“The Elijah Syndrome”


It was my privilege to be invited to join one of FDC’s small groups for a meeting last night. The room was buzzing with conversations, three teens chatted, children played. The glue of the group is their shared love of the Lord Jesus and after a meal where people were talking about ‘life,’ we settled down to open the Word. They were earnestly working on understanding what the Spirit was saying.  Near the end of the evening, their prayer list was brought out, current needs added. I left encouraged and I believe the others did as well.

We were never meant to answer “the Call” (yesterday’s blog) without becoming part of a larger group. God does not asks us to “do life alone.” We give away our individuality and God places us ‘in His Body.’ Being part of a team is not optional. It is God’s direction.  This familiar passage needs to be etched into our minds when our packed schedules pull us away from fellowship. “Let us think of ways to motivate one another to acts of love and good works. And let us not neglect our meeting together, as some people do, but encourage one another, especially now that the day of his return is drawing near.” (Hebrews 10:24-25, NLT)

A Christian who walks alone will never reach the level of effectiveness or joy that is possible when she is an active part of God’s church.  We all get worn out, weary, and – sometimes we are even ready to quit!  Who does not tire of endless demands?  The lawn I mowed yesterday will need attention again later this week. The laundry basket you emptied this morning will fill up too quickly again.  That habit you thought was defeated will try for a comeback. Yes, life requires work and it can be especially tiring if we feel like we are working alone.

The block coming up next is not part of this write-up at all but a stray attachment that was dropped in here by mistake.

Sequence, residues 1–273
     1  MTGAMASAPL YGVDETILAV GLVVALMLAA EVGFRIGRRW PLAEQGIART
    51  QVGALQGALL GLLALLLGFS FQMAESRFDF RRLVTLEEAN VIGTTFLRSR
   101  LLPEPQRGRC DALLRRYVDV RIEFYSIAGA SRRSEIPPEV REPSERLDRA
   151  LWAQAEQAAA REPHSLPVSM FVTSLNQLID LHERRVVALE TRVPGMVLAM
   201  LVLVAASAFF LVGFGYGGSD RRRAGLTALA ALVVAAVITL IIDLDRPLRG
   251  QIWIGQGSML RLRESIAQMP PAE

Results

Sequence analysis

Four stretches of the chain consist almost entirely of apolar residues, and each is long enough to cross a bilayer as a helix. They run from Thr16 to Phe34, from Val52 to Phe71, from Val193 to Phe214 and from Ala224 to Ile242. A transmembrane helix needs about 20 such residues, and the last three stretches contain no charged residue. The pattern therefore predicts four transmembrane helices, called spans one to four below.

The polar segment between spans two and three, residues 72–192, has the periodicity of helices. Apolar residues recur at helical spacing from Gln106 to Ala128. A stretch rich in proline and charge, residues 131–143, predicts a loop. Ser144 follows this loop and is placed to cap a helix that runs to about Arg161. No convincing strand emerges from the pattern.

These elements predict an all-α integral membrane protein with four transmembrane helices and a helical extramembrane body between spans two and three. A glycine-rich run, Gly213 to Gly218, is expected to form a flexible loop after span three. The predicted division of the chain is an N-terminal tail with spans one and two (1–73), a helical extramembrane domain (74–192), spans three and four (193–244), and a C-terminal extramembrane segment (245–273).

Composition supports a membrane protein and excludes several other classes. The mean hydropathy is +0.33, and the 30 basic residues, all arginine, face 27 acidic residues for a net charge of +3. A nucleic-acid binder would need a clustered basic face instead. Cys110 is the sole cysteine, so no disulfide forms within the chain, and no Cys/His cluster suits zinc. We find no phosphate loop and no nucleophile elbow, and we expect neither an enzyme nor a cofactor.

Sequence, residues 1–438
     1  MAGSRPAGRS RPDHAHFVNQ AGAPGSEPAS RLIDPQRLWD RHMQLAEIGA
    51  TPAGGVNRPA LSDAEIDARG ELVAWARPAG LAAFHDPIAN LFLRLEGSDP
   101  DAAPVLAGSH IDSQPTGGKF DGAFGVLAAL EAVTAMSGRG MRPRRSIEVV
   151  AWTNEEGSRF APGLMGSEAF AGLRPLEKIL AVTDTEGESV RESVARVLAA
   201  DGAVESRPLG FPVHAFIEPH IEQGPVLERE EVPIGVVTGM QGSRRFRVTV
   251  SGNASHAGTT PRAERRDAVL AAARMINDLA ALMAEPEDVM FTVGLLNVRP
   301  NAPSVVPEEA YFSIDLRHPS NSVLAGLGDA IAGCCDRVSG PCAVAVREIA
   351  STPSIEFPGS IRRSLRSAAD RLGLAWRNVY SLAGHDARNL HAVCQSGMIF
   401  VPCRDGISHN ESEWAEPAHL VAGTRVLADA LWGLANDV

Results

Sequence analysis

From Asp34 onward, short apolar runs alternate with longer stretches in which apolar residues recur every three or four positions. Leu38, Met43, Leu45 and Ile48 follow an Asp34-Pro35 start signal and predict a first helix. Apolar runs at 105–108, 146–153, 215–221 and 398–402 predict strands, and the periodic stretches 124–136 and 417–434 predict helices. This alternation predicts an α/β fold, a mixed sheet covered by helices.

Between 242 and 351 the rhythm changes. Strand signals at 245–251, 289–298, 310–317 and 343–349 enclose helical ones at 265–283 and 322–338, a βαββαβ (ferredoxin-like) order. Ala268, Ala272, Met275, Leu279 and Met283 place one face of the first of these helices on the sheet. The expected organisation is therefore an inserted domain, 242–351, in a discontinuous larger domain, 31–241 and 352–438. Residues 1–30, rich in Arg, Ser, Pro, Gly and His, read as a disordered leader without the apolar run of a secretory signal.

Don’t be overcome with the “Elijah Syndrome.”  The preacher enjoyed a huge spiritual victory on Mt. Carmel, the fire of God falling from heaven to burn up the sacrifice, a demonstration that called Israel to spiritual revival. But, in his fatigue, he became convinced that “I am the only one left serving the Lord!”  His skewed understanding is almost laughable, but he was serious.  “It is too much, Lord, I just want to die!”  (see 1 Kings 19)  God renewed his heart with food, with comfort of the Spirit, and by giving him Elisha, who worked with him!

God gave Nehemiah the job of leading the Jewish people in an effort to take a pile of rubble that was once Jerusalem and to turn it back into a beautiful city. God miraculously provided the resources needed. But, Nehemiah had to provide the sweat! He planned the work, enlisted the laborers, and resisted his critics. What we often overlook when we read the amazing story of his call to restore that city is his reliance on his team. He had those on whom he relied. The work of the leader would not have been finished without Ezra and Zerubbabel.

There’s a lesson in his story for us. God calls us to be part of a community because He knows life must be shared. “Laugh with your happy friends when they’re happy; share tears when they’re down.” (Romans 12:15, The Message) Alone, we are quickly overwhelmed. Together, we can stand. It is not only for ourselves that we work; it is for our brothers, sons, daughters, wives, and homes.

An acronym that I remember often is based on the word-

Don’t forget that when you’re tired and ready to quit. Instead; reconnect, refocus, and find renewal.

Here is a word from the Word. “If you’ve gotten anything at all out of following Christ, if his love has made any difference in your life, if being in a community of the Spirit means anything to you, if you have a heart, if you care— then do me a favor: Agree with each other, love each other, be deep-spirited friends. Don’t push your way to the front; don’t sweet-talk your way to the top. Put yourself aside, and help others get ahead. Don’t be obsessed with getting your own advantage. Forget yourselves long enough to lend a helping hand.” (Philippians 2:1-4, The Message)

Together, we can do it!

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